The government shutdown is now longer than any in history. The media say it's a "crisis."
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The Washington Post talks talks about the "shutdown's pain." The New York Times says it's "just too much."
John Stossel says: wait a second. Looking around America, everything seems pretty normal. Life goes on. Kids still play and learn, adults still work, stock prices have actually increased during the shutdown. It's hardly the end of the world.
But he adds that the government shutdown is still a problem. For some 400,000 furloughed workers, and another 400,000 working without pay for now, the shutdown hurts.
But while Times columnist Paul Krugman calls it "Trump's big libertarian experiment" -- Stossel notes that the shutdown is not libertarian. Government's rules are still in effect, and soon workers will be paid for not working. Stossel calls that an UN-libertarian experiment.
Libertarians want to permanently cut government, not shut down parts for a few weeks and then pay the workers anyway.
There are lessons to be learned from the shutdown.
Government stopped collecting trash and cleaning up public parks in DC, so volunteers stepped in to pick up trash. Without so much government, Stossel says, private citizens will often step in to do things government workers used to do.
Stossel says the shutdown highlights where some government waste can be trimmed.
Farmers don't get their "support" checks during the shutdown. But Stossel asks -- why should they get checks at all? While the big subsidies go to grain and corn farmers, most fruit and vegetable farmers get no subsidies. They survive without them. Other farmers could, too.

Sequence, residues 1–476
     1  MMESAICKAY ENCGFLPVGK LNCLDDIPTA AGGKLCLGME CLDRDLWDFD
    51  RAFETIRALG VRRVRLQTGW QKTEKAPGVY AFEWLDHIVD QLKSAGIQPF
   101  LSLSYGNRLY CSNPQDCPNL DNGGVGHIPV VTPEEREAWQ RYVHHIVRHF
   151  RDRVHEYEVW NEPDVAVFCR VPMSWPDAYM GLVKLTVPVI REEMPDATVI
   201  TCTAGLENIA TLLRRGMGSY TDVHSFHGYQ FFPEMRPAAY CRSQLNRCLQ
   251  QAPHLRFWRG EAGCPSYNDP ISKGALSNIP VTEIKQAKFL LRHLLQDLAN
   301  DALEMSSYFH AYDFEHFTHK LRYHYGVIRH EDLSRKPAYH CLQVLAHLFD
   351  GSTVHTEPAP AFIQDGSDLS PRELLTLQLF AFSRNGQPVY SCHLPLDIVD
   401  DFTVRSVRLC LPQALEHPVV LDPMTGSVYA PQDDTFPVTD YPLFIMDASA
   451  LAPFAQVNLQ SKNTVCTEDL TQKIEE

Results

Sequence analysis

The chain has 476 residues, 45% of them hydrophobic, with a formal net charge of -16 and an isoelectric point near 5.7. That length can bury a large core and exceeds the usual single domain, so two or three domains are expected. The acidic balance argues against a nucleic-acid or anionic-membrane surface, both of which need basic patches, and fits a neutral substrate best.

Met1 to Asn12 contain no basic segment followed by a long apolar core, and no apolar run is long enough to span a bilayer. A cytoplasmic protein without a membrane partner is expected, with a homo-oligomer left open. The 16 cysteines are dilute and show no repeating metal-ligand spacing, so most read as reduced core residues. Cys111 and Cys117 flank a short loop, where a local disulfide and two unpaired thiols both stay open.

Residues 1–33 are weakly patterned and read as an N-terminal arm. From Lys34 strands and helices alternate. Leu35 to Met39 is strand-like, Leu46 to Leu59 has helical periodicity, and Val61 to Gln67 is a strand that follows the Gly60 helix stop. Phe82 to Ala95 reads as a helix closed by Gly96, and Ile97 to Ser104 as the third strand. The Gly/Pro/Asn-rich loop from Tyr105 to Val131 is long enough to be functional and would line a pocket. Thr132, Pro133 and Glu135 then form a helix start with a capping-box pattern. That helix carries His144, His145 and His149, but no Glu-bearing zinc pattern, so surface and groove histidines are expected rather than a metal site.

FDA inspection of food has stopped during the shutdown. Paul Krugman asks, smugly, "does tainted contaminated meat smell like freedom?"
But Stossel notes that the main reason food is safe isn't government. It's competition. Companies worry about their reputation. Just ask Chipotle, Stossel says. Their stock fell by more than half after food poisoning incidents at their stores; since then they have instituted far more food inspection than government requires.
Most food producers already do that. Beef carcasses undergo hot steam rinses, and microbiological testing goes well beyond what government requires. Market competition protects us better than rule-bound government bureaucrats.
Stossel says most of government could be done away with or privatized.
Even airport security. TSA workers aren't getting paid. But some airports (San Francisco, Orlando, Kansas City, and 19 others) privatized security. Those workers are still getting paid. They also do a better job. A leaked TSA study found that the private security agents, in test runs, are much better at detecting weapons in bags than the TSA. A Congressional report found they are also faster at processing passengers.
Stossel says that while politicians bicker about $5.7 billion in wall funding (much less than 1% of the federal budget) what they really should worry about is that America's debt will soon reach $22 trillion because government squanders money on useless things.
At union protests, government workers say "We are essential!"
But based on the above, Stossel says: Give us a break.